# Tangent space and Jacobian

I'm reading John Willards Topology with a differential view point and an confused about tangent spaces.

To define the notion of derivative $$df_x$$ for a smooth map between smooth manifolds we introduce a tanget space at each point $$x$$ in the manifold $$M$$. The tangent space is denoted $$TM_x$$. If $$M$$ is an $$m$$-dimensional manifold then $$TM_x$$ is the $$m$$-dimensional hyperplane through the origin parallel to the hyperplane that that best approximates $$M$$ at $$x$$. Similarly one things of the nonhomegeneous linear mapping from the tangent hyperplane at $$x$$ to the tangent hyperplane at $$y$$ which best approximates $$f$$.

My confusion lies the following sentence: Translating both hyperplanes to the origin, one obtains $$df_x$$.

Is this saying $$df_x$$ is a map between these two hyperplanes? If so, how should I think about this map what is getting mapped to what?

Edit: All manifolds are in $$R^n$$ for some $$n$$, but the two manifolds may not be of the same dimension.

• I don't know this book. Does every manifold $M$ sit inside $\Bbb R^n$ for some $n$? If so, $TM_x$ will be an $m$-dimensional subspace of $\Bbb R^n$, not necessarily a hyperplane — it will be a hyperplane only when $n=m+1$. The sentence "translating ... one obtains $df_x$" is very sloppy and not informative. Does Willard not explain what $df_x$ is in great detail? At any rate, $df_x$ should map $TM_x$ to $TN_{f(x)}$, when $f\colon M\to N$. Commented Jun 1, 2019 at 18:45
• Commented Jun 1, 2019 at 19:02

I hope this helps you clarify this important concept of the differential map. Please note that I deliberately avoid speaking of hyperplanes.

Let $$f:M\to N$$ be a map between two manifolds of possibly different dimension. The differential map does the following, point-wise: at each point $$p\in M$$, it gives us a map $$df_p:T_pM\to T_{f(p)}N;\quad v\mapsto df_p(v).$$

Think of $$M$$ as a manifold of its own, without any space around it. Do the same for $$N$$. Now, remember that any point $$p\in M$$ has a coordinate chart that maps a neighbourhood $$U$$ of $$p$$ to an open subset of $$\mathbb R^{\dim M}$$. This is just a mathematical way to say that $$p$$ is surrounded by something that looks like $$\mathbb R^{\dim M}$$, as are all points in $$M$$.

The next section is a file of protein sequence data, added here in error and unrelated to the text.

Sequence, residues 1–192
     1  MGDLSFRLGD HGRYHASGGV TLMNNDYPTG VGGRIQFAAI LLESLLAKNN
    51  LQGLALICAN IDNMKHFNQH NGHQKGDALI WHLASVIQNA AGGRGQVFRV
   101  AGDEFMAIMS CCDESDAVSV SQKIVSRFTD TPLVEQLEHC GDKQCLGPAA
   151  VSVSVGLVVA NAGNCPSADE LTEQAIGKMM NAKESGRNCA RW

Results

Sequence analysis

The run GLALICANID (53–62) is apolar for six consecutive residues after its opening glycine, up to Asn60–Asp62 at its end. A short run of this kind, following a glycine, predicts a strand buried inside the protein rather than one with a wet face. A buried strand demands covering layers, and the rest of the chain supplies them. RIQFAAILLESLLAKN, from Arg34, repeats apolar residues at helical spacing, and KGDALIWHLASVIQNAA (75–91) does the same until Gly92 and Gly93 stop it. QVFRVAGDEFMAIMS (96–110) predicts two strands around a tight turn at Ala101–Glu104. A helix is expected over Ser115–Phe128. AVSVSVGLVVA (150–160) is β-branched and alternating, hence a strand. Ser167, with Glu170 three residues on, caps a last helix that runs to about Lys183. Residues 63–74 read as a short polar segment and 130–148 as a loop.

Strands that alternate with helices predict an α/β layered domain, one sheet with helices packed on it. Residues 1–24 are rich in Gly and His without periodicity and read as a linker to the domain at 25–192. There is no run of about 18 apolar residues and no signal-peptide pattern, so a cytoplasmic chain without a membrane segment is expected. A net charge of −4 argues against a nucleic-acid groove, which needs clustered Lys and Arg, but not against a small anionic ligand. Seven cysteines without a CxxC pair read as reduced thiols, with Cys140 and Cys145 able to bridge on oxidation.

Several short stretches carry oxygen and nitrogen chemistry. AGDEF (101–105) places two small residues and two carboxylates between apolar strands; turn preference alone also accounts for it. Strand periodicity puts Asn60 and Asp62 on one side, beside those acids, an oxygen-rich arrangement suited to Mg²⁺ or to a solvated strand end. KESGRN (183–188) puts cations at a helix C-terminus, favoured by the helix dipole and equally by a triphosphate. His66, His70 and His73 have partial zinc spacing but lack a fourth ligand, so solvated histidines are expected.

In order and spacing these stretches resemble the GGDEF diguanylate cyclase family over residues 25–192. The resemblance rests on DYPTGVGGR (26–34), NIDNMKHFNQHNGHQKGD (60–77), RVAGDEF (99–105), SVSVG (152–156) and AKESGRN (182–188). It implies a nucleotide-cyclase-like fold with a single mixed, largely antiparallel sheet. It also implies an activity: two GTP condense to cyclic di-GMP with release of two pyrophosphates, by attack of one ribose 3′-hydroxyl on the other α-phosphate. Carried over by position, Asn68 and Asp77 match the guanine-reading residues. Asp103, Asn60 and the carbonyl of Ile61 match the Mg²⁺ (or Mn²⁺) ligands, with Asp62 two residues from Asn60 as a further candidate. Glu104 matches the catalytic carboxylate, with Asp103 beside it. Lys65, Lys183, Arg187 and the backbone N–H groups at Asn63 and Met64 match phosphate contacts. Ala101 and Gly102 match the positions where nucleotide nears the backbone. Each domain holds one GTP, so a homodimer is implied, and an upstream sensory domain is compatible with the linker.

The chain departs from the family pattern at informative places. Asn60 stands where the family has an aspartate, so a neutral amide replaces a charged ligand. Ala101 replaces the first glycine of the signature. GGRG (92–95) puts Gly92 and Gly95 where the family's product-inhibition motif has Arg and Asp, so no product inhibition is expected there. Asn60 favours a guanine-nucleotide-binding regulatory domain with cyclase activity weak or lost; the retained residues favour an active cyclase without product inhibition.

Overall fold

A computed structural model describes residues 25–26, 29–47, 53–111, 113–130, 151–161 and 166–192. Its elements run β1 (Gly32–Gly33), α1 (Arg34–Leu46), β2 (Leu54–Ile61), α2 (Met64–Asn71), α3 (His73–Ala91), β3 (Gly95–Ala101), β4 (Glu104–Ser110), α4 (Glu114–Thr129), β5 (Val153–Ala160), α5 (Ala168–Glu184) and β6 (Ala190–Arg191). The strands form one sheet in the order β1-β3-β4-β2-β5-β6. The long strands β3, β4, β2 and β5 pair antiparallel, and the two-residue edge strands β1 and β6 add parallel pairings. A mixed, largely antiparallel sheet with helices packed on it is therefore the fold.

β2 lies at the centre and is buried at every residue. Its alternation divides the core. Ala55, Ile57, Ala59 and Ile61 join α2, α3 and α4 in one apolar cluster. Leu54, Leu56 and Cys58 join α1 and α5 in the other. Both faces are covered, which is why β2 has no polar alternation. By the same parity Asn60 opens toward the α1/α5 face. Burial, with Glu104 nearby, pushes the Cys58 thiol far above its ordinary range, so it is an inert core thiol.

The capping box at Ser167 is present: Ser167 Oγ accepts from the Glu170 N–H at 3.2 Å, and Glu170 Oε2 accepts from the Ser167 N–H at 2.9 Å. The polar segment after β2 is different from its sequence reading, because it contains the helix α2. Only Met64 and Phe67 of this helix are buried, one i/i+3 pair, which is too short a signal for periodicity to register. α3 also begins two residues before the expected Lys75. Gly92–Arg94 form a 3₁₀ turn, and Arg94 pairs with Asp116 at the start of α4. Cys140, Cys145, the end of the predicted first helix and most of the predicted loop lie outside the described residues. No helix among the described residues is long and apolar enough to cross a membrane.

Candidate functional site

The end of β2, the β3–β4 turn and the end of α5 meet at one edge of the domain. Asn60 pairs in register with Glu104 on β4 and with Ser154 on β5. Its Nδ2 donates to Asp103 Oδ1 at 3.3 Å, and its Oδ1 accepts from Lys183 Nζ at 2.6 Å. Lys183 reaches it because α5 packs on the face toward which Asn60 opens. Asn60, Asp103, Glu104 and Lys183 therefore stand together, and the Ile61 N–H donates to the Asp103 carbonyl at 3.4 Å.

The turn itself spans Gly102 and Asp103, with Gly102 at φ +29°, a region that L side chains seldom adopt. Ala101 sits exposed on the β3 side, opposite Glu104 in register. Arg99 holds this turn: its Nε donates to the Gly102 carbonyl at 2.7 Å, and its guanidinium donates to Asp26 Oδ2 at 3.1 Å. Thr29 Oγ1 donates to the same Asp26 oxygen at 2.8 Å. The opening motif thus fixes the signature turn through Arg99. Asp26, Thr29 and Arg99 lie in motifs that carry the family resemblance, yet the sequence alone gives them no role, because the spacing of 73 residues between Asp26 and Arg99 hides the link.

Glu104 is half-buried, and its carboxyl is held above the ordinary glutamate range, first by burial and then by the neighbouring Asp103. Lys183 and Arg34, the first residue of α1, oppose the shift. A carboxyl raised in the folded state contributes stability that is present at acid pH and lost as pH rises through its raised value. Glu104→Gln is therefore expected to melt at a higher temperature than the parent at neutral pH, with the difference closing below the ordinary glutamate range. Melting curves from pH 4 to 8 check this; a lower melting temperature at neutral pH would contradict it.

Since $$M$$ looks like $$\mathbb R^{\dim M}$$, there are as many as $$\dim M$$ directions near $$p$$ that are linearly independent. This gives us that the tangent space of $$M$$ at $$p$$, $$T_p M$$ is a vector space whose dimension matches that of $$M$$. You can think of it as a copy of $$\mathbb R^{\dim M}$$ now. Do the same for $$N$$.

The differential map $$df_p:T_p M\to T_{f(p)} N$$ is the natural relation induced by $$f$$ on these tangent spaces. Roughly speaking, it associates to each direction in $$T_p M$$ the direction in $$T_{f(p)}N$$ that will $$f(p)$$ following as a result.

If you want an example, think of $$M$$ as the 2-sphere with what I am calling terrestrial coordinates, i.e. $$(\alpha, \theta)$$, where $$\alpha$$ is the angle of the meridian passing through a point with a fixed meridian, and $$\theta$$ is the inclination of the parallel containing the point (these are the coordinates you find on any map or GPS). Think now of $$N$$ as the circle with the single coordinate $$\rho$$. In these coordinates, we define a map $$f(\alpha,\theta) = \alpha+\rho_0,$$ where $$\rho_0$$ is a constant we have determined. Intuitively, $$f$$ forgets about the latitude and then pushes the point forward by $$\rho_0$$ in the direction of $$\alpha$$.

The differential map is $$df_p = (1,0)$$. This means that $$df_p(v) = (1,0)(v)$$ for any $$v\in T_p M$$. Indeed, this map varies as fast as $$\alpha$$ does.